Democrat Candidates More Wired?

I added networking links for the declared presidential candidates on my Election 2008 page.

The Democrats have more networking links than the Republicans, averaging 3.0 links per Democrat compared with 1.7 links per Republican. I only counted links to Facebook, Flickr, Meetup, MySpace, and YouTube. A couple of the Democrats also had PartyBuilder; I didn’t count those links. If I had, it would only increase this disparity.

For some unknown reasons, the Republicans also make it harder to find their networking links. Duncan Hunter, in an apparent effort to maintain a consistent color theme, camouflaged the networking links in the right column; I found them only after returning to the site for a second time. John McCain hid his networking links two menus down in a press release, and even then they are just text links. Ever the maverick, McCain also posts his videos on veoh.com and reference what appears to be his one and only answer on answers.yahoo.com.

It’s not just the second (or third) tier Republican candidates not trying to do the “networking thing.” Rudy Giuliani (I’ll learn to spell his name before this campaign is over) has exactly zero networking links.

Are networking links necessary? One could argue not. After all, the Internet didn’t propel Howard Dean into the victory circle. Yet, I think that argument is a few years out of date. There’s nothing better than getting buzz going in the voters at virtually no cost. (And there’s probably one thing they’d like to avoid: getting unfavorable posts written about them, like this one…)

So will the networking gap affect my vote? Of course not. My vote will come down to the issues, not whether a candidate is my friend on MySpace or whether I can see pictures of her dog on Flickr.

Religion in the 2008 Presidential Election

Religion is playing a large role in the 2008 presidential election. Recently:

  • Mainstream media has noticed that Mitt Romney is Mormon and is doing its best to alert everyone that Romney’s great-grandfather and great-great-grandfather had more than one wife. (By the way, it’s interesting to note that candidate Romney has had only one wife, while McCain has been married twice and Guiliani has been married three times.) Polygamy in Romney’s family tree is about as relevant as Barack Obama’s ancestors owning slaves. In fact, it’s less relevant because polygamy is just not that big an issue these days. White guilt over slave ownership is. Obama might be able to bring a different view to the issue.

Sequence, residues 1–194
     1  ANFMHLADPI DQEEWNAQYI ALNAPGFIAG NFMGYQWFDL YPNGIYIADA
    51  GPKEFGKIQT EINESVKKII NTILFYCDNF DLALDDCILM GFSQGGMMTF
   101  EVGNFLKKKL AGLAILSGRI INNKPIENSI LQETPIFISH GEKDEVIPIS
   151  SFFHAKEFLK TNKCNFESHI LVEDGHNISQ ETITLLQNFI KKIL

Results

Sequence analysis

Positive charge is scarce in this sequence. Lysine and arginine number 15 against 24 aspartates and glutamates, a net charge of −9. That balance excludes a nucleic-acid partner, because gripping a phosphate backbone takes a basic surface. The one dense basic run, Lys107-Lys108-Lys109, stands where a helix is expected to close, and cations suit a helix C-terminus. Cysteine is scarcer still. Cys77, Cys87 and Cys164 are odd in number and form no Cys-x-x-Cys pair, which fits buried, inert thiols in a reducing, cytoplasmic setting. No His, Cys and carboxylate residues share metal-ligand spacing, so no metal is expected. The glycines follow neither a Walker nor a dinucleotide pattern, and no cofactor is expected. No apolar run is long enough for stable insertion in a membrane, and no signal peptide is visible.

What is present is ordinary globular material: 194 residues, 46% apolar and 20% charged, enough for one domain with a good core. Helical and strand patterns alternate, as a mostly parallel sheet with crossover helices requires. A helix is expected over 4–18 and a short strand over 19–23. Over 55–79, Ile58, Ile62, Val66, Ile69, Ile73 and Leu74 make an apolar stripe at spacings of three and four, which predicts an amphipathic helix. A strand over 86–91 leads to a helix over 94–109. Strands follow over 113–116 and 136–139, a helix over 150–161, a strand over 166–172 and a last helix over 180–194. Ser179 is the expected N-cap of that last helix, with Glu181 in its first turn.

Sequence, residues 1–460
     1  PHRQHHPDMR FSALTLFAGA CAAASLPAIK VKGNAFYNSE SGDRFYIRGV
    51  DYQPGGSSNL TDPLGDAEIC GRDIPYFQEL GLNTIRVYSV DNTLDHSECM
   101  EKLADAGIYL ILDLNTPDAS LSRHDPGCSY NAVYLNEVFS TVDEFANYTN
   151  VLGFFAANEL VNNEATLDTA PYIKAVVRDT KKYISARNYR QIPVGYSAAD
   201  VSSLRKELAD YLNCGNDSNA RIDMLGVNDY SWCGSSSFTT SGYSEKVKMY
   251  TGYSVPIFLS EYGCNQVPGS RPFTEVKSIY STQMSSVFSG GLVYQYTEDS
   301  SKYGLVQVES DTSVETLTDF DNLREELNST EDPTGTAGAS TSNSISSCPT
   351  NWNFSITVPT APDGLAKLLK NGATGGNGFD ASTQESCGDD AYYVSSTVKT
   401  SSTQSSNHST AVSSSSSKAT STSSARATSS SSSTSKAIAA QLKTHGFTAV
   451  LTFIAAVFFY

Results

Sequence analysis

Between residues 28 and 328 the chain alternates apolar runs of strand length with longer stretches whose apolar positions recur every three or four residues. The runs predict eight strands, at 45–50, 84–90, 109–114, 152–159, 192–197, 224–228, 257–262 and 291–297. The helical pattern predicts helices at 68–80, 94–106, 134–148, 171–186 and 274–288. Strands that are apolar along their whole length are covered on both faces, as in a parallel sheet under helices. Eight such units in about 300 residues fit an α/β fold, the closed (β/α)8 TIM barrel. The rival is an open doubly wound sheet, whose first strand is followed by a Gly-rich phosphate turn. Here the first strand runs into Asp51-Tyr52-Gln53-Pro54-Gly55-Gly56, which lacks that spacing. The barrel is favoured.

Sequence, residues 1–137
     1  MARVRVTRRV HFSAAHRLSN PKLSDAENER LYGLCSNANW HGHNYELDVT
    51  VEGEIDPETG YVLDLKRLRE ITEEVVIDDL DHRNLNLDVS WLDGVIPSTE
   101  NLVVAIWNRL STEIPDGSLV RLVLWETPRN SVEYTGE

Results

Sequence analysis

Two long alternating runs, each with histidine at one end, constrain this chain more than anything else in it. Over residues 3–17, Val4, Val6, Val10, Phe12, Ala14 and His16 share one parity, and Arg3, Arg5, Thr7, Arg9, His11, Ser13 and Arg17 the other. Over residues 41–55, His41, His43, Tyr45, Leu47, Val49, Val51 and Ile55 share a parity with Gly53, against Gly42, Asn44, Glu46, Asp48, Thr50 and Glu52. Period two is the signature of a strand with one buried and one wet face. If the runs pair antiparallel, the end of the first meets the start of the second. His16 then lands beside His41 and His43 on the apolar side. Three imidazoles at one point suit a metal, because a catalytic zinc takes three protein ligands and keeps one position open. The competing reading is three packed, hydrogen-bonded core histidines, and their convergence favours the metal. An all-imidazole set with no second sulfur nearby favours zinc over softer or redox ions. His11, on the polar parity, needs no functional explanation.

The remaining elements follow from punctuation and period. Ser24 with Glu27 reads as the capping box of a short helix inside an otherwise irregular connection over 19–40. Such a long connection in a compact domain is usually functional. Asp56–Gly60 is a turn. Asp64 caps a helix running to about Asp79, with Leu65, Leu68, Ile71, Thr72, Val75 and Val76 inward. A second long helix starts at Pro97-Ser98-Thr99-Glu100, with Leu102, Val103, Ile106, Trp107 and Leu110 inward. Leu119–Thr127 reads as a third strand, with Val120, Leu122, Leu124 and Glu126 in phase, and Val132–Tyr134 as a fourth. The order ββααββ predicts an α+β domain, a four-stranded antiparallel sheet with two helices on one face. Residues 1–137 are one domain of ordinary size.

• Hillary Clinton and Obama preached in Selma. While the faked southern accents of both garnered respective (but not respectful) blogstorms, their presence in a church would not have been overlooked (crickets here) had they been Republicans. Or not, but that’s my perception. Please prove me wrong.
  • Obama’s membership in the Trinity United Church of Christ and his relationship with the Rev. Jeremiah A. Wright Jr. has attracted attention with its “liberation theology.”
  • John Edwards channeled Jesus this week. Okay, that’s a little strong. He attempted to answer for Jesus. His answer was actually pretty good–Jesus would be appalled at the selfishness in America in light of the incredible wealth of some individuals. But who am I to judge? The blogosphere handled that one as well.

My prediction? Expect to see the Democrats continue with more public displays or religion while Republicans distance themselves from the issue. Don’t be fooled either direction — watch to see how their proposals align with their (non)displays, their parties’ platforms, and your values.

Hillary vs. Rudy

Quite a few candidates have filed with the FEC, formed exploratory committees, or expressed serious interest in being the next president of the United States. Early polls show Hillary Rodham Clinton and Rudy Giuliani leading their respective parties.

Of interest, both are commonly known by their first names. Is it a sign of these informal times? Or could Hillary be distancing herself from the Clinton name and the troubling memories of her husband? Is Rudy simply the easier name for those of us who seem to have problems spelling (or even pronouncing) “Giuliani”? Or, like Madonna, Cher, and Britney, have Hillary and Rudy as larger-than-life celebrities transcended the need for more than a single name?

I think all of these are at least partially correct. I also think it bodes well for the election that name recognition is a given and the voters can focus on more substantive issues. That is, assuming that Mike Gravel and Michael Smith don’t win in the primaries.